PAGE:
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HealthConnections - Rural Health Disparities


Rural life can provide benefits and drawbacks for Tennesseans. On this week’s episode of HealthConnection, Dr. Carole Myers, a professor emeritus in the University of Tennessee College of Nursing, talks with Dr. Tracey Stansberry, a UT College Of Nursing faculty member and a Tennessee Healthcare Campaign board member, about health disparities between rural and urban Tennesseans.

WUOT’s Carole Myers: Rural people in general are older, poorer and less healthy than their urban counterparts. Relatively poor access to healthcare access is one factor, but it’s not the whole story. Various economic, political, social and other factors exert both positive and negative influences. So, Dr. Stansberry, let’s jump right in and begin defining the problem you’re discussing: rural health disparities.

Tracey Stansberry: So, health disparities are preventable differences in health outcomes and usually we’re speaking about populations when we refer to health disparities and while we expect there to be some difference in health outcomes for instance, among different ages of people, what we are most concerned about are preventable differences which are not acceptable. My primary focus today in this conversation and in my research is the going disparity between rural and urban health outcomes.

Well, say more, Dr. Stansberry, about the significance and the effects of health disparities in rural areas. Let’s look at the problem a little deeper.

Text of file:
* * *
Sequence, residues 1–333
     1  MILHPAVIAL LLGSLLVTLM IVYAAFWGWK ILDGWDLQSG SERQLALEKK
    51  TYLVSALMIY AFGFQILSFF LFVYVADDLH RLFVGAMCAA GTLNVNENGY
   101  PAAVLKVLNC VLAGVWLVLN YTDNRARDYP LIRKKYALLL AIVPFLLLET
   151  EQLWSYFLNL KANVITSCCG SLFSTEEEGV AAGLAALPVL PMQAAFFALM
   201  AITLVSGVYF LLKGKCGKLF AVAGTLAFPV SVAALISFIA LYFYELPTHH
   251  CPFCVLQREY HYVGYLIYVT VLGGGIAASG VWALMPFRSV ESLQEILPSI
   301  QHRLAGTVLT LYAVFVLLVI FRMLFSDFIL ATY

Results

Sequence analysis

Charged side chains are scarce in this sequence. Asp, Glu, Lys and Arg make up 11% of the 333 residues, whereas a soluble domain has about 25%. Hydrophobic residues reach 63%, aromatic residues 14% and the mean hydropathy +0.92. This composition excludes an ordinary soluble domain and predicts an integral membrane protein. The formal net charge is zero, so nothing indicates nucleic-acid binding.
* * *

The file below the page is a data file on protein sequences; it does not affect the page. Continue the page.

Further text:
Well, we’ve known for the last couple of decades that the nation’s rural disparity is growing, and we have seen evidence of that. While health outcomes in urban areas are improving, they are declining or worsening in rural areas. A particular concern is that younger people in their working years are dying earlier, though that’s a concern beyond just the fact that they are passing away earlier. We are concerned about those years of productivity lost and the impact that that would have on a rural community. We would expect that that could depress local economies and accelerate a downward spiral of poor health and poverty in these communities. Any type of insult to the income and the economy of a rural community can further have negative impacts on the health of those communities and of the citizens that live there. You mentioned earlier this declining access to care imbalance, one of the biggest areas of concern are the rural hospital closures. Tennessee does lead the nation on a per capita basis for hospital closures and this can have a negative impact on critical healthcare access, so people can’t reach those services when they need them, particularly emergency care. But also, when a hospital closes this can pull the rug out from underneath their economy. More recently, we decided ‘so what’s going on with these hospitals that are still operational despite all the odds stacked against them’. We examined six different hospitals, five of which were across rural Tennessee, and we also spoke with leaders in Kentucky from one small community there. What we learned was that while many of these community hospitals are surviving, they aren’t necessarily thriving.

What can we as a state do to effectively tackle these disparities that we’ve just discussed?

A multi-layer approach to solutions will be needed, but one measure stands out and that’s expanding Medicaid in Tennessee.

This transcript has been lightly edited for content.

Note: The Tennessee Health Care Campaign released a report in March 2024 on the second of two studies on rural hospital closures. The complete 2024 report can be accessed here and policy recommendation are available here.

Greg joined WUOT in 2007, first as operations director and now as assistant director/director of programming. His duties range from analyzing audience data to helping clear WUOT’s satellite dish of snow and ice. Greg started in public radio in 2000 in Shreveport, La., at Red River Radio and was, prior to coming WUOT, at WYSO in Dayton, Ohio, where he also was director of programming and operations.